EU Rules Poland Abortion Laws “Violation of Human Rights”
In 2020, Poland passed legislation that banned abortion performed on “eugenic grounds,” such as in cases of fetal anomalies or birth defects. Poland currently has some of the strictest abortion laws in the EU, making it a prime target for pro-abortionists. Poland’s 2020 legislation came to the public’s attention when a woman, referred to as ML in legal documents, was 14 weeks pregnant. ML’s child was diagnosed with Down’s Syndrome, and ML sought an abortion. Because of the Polish legislation, ML traveled to the Netherlands to have her abortion in January of 2023. Her lawyers claimed that such a requirement caused great distress to ML financially and emotionally, as she spent around 1000 euros.
The European Court of Human Rights ruled that Poland’s ban on eugenic abortions was a violation of ML’s right to privacy and family life, as outlined in article 8 of the European Convention of Human Rights. It is clear the court’s ruling is completely backwards. How could a ban on killing unborn children for eugenic purposes be a violation of human rights?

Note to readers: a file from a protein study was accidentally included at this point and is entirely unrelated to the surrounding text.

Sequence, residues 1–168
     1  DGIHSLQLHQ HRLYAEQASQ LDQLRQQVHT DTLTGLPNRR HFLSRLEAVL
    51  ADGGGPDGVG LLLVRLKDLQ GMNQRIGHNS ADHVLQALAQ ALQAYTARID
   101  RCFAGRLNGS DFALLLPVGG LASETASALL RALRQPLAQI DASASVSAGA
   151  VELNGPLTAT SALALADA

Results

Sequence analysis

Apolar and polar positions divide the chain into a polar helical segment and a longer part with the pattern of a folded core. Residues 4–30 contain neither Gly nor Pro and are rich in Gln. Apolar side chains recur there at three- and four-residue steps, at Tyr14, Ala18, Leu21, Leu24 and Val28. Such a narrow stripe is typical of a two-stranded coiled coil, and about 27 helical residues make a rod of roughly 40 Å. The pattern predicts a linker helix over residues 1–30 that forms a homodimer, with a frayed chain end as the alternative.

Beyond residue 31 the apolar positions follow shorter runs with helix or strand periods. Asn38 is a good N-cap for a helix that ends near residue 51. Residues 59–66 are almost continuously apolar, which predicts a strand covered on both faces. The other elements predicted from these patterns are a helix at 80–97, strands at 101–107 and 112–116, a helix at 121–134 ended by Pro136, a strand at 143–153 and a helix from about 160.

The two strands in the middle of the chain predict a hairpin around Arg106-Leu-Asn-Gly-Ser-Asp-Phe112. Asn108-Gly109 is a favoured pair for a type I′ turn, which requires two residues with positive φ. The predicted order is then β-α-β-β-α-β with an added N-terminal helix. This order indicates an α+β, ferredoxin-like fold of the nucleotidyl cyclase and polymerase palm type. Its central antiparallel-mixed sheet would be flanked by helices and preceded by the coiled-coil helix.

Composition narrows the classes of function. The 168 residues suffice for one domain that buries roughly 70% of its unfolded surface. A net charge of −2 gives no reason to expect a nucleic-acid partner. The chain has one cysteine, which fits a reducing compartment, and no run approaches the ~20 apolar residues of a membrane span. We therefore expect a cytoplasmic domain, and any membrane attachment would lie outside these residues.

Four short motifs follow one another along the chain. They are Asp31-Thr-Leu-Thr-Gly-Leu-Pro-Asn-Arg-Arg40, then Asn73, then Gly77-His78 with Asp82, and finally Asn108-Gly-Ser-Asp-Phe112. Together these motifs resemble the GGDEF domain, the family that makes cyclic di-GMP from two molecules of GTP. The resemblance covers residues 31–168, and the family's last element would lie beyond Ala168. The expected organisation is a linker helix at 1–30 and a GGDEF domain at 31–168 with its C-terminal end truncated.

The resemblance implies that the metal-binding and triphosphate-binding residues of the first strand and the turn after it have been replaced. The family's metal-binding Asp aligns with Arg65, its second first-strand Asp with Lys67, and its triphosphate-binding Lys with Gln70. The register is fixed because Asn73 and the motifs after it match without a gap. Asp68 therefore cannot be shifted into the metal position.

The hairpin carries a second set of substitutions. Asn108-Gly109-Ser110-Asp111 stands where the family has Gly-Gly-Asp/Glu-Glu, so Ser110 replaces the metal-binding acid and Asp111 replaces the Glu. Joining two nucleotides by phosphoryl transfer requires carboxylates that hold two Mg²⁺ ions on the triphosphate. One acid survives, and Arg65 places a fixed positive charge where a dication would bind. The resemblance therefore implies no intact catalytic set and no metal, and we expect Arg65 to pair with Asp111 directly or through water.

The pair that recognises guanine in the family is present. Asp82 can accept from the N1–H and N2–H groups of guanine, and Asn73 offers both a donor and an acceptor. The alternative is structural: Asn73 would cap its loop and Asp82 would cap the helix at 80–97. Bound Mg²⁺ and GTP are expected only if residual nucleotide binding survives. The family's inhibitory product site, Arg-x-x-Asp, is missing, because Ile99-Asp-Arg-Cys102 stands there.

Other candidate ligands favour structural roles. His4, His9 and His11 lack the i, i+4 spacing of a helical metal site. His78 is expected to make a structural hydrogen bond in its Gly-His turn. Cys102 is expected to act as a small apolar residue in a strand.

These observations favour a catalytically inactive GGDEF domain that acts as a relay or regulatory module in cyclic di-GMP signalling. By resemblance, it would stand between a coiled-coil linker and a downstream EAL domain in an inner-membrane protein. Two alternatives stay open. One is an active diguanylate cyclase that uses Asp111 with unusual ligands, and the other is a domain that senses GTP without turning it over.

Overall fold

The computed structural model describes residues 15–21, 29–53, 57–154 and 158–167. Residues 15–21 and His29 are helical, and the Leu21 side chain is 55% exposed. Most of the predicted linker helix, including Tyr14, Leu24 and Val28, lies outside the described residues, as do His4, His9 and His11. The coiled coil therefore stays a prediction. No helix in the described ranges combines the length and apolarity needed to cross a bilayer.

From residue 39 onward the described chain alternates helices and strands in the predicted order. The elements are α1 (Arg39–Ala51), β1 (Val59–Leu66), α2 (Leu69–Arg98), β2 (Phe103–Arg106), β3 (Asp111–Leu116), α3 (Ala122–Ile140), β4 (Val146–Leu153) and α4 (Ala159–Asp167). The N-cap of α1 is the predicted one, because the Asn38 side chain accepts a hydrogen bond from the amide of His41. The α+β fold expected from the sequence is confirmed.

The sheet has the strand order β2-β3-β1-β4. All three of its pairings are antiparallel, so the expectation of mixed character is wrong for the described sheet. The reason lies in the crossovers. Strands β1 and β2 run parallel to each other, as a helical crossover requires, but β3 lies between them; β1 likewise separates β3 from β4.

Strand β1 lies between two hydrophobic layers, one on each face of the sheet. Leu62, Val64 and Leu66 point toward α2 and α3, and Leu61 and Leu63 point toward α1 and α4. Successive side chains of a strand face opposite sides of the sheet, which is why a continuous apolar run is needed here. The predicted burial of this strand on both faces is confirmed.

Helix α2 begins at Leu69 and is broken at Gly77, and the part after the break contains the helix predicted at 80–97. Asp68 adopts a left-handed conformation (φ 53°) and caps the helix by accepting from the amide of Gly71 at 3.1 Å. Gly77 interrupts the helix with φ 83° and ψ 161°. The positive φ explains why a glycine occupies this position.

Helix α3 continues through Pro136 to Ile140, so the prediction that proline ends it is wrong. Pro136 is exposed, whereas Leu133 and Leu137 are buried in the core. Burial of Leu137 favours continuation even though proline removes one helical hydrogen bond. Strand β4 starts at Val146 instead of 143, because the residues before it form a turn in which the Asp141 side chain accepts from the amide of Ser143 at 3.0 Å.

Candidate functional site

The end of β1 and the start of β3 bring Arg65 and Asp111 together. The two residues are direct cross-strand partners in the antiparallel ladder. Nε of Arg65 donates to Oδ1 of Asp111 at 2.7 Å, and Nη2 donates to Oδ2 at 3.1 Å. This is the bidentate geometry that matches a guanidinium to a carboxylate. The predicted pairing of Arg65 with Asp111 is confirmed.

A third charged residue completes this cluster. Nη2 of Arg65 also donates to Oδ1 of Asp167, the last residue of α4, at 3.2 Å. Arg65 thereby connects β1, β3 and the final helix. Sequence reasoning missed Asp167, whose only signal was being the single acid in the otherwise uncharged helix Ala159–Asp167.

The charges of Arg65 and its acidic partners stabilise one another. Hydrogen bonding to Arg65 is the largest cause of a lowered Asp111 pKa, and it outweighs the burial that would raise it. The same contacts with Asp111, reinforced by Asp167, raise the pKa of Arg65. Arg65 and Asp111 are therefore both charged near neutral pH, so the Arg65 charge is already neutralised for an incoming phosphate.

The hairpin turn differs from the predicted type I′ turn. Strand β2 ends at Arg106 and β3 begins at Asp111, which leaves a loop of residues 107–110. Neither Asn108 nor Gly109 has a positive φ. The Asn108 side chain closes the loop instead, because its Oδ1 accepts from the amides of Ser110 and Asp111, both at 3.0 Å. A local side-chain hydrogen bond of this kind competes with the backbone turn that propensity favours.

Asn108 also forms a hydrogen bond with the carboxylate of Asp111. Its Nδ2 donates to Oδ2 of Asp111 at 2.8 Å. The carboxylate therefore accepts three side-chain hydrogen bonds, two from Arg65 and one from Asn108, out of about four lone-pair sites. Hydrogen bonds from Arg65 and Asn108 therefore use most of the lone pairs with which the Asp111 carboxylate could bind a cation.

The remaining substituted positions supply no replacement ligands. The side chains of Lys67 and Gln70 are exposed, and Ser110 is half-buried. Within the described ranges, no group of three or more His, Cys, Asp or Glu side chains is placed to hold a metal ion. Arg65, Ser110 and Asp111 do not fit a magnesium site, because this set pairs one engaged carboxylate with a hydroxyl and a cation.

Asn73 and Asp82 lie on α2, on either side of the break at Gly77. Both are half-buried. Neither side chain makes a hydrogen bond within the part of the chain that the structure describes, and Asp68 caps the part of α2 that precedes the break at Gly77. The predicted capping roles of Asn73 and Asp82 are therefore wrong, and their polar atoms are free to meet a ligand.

As HLI Poland pointed out, the child that is in the mother’s womb is a unique human being. Deciding whether to abort is about whether the child will emerge alive or dead.
Of further concern is the fact that this decision by the European Court of Human Rights is the second in only a few days against Poland, which ironically took place days after Donald Tusk was sworn in. Such decisions usually take much longer, and the timing of these decisions (especially after an election) gives the impression that they were prepared in advance to strike on the pro-life and pro-family target that is Poland during a perfect opportunity. The first verdict against Poland was aimed at pushing the nation to accept same-sex “marriages.”
Pray for ML’s aborted child, as well as for all aborted children.
Marisa Cantu has an MS in political science and international affairs with a BA in political science and has also studied international studies and French. She has a strong background in nonprofit work, research, writing, and policy proposal and analysis.
In her free time, Marisa enjoys painting, writing, cooking, spending time with her husband and playing with her dog.